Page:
See what others are saying about this book @ the Crossway Blog.

*Many thanks to Crossway for providing me with a copy of this book in exchange for my honest opinion!

Thursday, December 2, 2010

Book Review: "Think"

God uses Piper to stir my affections afresh. Through Piper's writing, I am encouraged to study harder, think deeper, and to pursue God with greater intensity. Piper's latest book Think is no exception. It is written for those who thrive on thinking and for those who would rather not think much at all.

As usual, Piper has written a deep, thought-provoking, immensely helpful book. He discusses the importance of reading and of taking time in reading to ask questions and of working hard to understand. 

"If you cannot embrace the pain of learning but must have instant gratification, you forfeit the greatest rewards of life. So it is with reading the Bible. The greater riches are for those who will work hard to understand all that is really there" (pg. 47).

Furthermore, Piper expounds upon the role of thinking in coming to faith and in loving God.

"…we cannot love God without knowing God…If we do not know anything about God, there is nothing in our mind to awaken love" (pg. 90).

This book is filled with Gospel-truth. In it, Piper talks about saving faith at length because "you can have a zeal for God and not be saved" (pg. 162).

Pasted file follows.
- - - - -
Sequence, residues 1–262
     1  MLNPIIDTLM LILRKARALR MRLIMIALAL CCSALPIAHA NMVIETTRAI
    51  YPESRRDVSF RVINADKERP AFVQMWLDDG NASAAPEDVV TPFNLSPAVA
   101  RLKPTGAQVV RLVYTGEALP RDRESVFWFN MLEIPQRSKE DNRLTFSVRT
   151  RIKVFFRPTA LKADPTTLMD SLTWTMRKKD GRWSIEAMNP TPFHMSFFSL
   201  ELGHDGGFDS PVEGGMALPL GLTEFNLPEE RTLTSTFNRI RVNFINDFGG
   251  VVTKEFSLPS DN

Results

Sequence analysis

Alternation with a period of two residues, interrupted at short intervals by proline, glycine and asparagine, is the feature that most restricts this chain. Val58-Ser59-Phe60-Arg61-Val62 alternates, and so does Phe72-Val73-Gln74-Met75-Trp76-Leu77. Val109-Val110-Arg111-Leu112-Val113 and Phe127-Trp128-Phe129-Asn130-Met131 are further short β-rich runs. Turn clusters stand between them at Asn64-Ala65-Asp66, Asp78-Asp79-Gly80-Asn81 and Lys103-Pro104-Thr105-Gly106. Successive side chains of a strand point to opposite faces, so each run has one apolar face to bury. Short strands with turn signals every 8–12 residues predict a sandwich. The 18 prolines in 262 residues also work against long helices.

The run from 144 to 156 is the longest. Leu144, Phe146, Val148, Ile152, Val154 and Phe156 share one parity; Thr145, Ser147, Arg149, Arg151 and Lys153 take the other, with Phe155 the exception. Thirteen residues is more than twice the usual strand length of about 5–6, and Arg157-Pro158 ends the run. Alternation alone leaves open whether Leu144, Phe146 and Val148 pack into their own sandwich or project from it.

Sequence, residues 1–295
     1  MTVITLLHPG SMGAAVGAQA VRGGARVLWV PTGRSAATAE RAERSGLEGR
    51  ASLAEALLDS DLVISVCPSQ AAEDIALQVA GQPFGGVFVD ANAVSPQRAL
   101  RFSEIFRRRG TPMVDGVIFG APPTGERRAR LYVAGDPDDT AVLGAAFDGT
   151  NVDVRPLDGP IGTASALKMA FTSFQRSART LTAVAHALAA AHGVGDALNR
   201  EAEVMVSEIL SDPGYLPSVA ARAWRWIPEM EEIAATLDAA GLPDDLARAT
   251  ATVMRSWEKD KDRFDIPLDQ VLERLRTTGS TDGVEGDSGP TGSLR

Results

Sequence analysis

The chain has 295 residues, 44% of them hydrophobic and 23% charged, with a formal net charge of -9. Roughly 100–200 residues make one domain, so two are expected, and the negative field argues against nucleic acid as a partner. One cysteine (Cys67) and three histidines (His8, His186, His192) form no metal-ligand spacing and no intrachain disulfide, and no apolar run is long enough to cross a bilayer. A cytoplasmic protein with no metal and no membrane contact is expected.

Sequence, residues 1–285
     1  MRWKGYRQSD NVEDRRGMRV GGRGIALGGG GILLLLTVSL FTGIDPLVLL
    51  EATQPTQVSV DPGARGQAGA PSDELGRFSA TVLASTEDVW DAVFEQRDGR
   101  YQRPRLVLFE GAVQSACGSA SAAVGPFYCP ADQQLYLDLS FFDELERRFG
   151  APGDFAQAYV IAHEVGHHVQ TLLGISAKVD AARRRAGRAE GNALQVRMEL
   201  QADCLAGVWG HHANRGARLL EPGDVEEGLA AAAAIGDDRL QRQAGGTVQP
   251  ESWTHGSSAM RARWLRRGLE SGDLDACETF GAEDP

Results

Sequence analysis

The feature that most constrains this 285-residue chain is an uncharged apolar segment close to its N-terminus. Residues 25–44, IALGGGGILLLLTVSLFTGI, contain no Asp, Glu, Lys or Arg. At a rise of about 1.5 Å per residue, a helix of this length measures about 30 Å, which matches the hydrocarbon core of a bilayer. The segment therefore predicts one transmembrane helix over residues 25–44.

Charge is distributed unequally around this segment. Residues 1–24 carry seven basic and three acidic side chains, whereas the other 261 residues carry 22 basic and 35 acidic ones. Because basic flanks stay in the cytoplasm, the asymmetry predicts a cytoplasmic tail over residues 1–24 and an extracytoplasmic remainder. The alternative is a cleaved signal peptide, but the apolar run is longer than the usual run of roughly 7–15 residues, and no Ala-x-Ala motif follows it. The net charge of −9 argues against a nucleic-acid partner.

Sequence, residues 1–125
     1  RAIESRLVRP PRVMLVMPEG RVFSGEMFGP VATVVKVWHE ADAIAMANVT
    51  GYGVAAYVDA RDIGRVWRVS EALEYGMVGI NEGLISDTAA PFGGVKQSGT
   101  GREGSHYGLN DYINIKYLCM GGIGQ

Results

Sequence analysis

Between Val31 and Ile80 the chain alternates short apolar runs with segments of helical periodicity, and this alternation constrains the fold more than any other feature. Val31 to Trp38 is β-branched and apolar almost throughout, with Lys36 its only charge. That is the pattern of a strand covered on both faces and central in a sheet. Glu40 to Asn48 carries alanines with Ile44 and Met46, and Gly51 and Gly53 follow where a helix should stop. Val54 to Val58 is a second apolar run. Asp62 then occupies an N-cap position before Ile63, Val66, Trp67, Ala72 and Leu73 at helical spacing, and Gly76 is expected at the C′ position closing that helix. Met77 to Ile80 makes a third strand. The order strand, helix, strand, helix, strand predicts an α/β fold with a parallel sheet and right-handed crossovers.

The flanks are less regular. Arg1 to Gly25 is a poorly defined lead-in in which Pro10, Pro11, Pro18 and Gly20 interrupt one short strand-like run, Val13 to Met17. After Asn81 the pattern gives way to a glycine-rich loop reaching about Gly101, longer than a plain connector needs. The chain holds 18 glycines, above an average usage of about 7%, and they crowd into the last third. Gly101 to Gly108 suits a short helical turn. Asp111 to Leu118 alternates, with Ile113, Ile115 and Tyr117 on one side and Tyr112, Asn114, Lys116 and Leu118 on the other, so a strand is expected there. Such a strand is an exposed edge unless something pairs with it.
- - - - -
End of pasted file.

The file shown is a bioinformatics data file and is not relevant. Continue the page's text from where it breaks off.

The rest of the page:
In Think, you will also find tools to counter the "true for you, but not true for me" relativist sentiment that is so prevalent in society today as well as other challenges (i.e. anti-intellectualism and avoiding knowledge that puffs up) . I wish I had had this book before I headed off to college!

"The aim of this book..." Piper says, " to encourage serious, faithful, humble thinking that leads to the true knowledge of God, which leads to loving him, which overflows in loving others" (pg. 20).

Do you find that Christ is supremely valuable in your life, more to be treasured than everything that the world offers? Would you give up everything just to be with Him? Can you say with Paul, "I count everything as loss because of the surpassing worth of knowing Christ Jesus my Lord. For his sake I have suffered the loss of all things and count them as rubbish, in order that I may gain Christ" (Phil. 3:8 as quoted by Piper, pg. 71)? If not, grab this book. Meditate on the Scripture and the Biblical truth found therein. Let it stir you afresh.  It is an awesome read!

*Many thanks to Crossway for providing me with a copy of this book in exchange for my honest opinion!